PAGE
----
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Cases Over Controversial Citizenship Question in 2020 Census Proceed as Print Deadline Nears

The 2020 decennial census is scheduled to begin on April 1, 2020, but several cases challenging the Administration’s decision to include a citizenship question in the census are putting the Administration’s June 30, 2019, “go to print” deadline at risk.  The question asks, “Is this person a citizen of the United States?”

The case that is furthest along was filed in U.S. District Court for the Southern District of New York, New York, et al. v. U.S. Department of Commerce. Plaintiffs in 18 states, the District of Columbia, 15 cities and counties, the U.S. Conference of Mayors, and a group of NGOs filed suit challenging the inclusion of the citizenship question. After a bench trial, the judge, in a 277-page opinion, enjoined the U.S. Department of Commerce from including that question on the census primarily because of violations of the Administration Procedures Act (APA). But, on January 25, 2019, the Administration filed an appeal asking the U.S. Supreme Court to review the case directly because the Census Bureau needed to make its June 30th deadline. On February 15, 2019, the Supreme Court granted that request and set oral argument for April 23, 2019.

On March 6, following in the footsteps of the New York case, California federal Judge Richard Seeborg, in a 126-page opinion, blocked the Administration from adding the citizenship question to the census not only because of APA violations, but also on the basis of the Constitution. That court held that the citizenship question violated the “enumeration clause,” which requires an “actual enumeration” of the country’s population. The court said the question would discourage participation and thereby lead to an inaccurate count. The Administration has not yet acted to appeal this case.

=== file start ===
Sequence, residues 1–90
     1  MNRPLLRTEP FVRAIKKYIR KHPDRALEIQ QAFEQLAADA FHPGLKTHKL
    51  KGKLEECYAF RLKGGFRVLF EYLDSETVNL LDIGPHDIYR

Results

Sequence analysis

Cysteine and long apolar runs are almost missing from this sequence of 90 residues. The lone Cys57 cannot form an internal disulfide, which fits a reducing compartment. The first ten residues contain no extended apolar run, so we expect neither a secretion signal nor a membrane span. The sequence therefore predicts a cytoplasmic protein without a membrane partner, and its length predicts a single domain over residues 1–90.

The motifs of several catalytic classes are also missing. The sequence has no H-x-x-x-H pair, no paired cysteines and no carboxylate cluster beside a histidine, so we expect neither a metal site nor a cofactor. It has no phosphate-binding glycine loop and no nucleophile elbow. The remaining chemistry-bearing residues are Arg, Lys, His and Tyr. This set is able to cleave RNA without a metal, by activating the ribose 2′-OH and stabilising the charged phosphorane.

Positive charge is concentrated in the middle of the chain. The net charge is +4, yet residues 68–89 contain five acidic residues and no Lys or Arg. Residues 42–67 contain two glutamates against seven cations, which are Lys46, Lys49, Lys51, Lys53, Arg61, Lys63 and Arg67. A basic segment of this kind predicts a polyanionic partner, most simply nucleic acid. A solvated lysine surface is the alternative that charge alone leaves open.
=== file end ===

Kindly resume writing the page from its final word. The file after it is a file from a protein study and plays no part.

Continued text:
Meanwhile, in a federal court in Maryland, the Mexican American Legislative Caucus, the Senate Hispanic Caucus, and several non-profit advocates for Latino and Asian residents are arguing that the inclusion of the citizenship question will improperly lead to an undercount of immigrants and people of color. The plaintiffs also allege a conspiracy to include the question based “on animus against Hispanics and immigrants.” The case is still pending.

All of the plaintiffs in these cases allege that a great deal is at stake because the inclusion of the citizenship question will discourage participation – particularly by immigrants – and affect:

  • The boundaries of Congressional Districts;
  • The number of Congressional Representatives per state;
  • The number of Electoral College votes per state; and
  • The amount of federal funding to states for programs, including low-income housing, medical assistance, and infrastructure projects.

Even some Census Bureau officials opined that the question will chill participation. Judge Seeborg stated, “In short, the inclusion of the citizenship question on the 2020 census threatens the very foundation of our democratic system . . . .”

Jackson Lewis P.C. © 2019

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About this Author

Associate

Brian Shyr is an Associate in the Washington, D.C. Region office of Jackson Lewis P.C. His practice focuses on representing employers in business immigration matters, including obtaining employment-based visas and permanent residence for foreign national employees. While attending law school, Mr. Shyr represented individual clients in removal proceedings and organizational clients in research projects as part of the Immigrant Justice Clinic. He also served as a clerk in the Department of Justice’s Office of Immigration Litigation.

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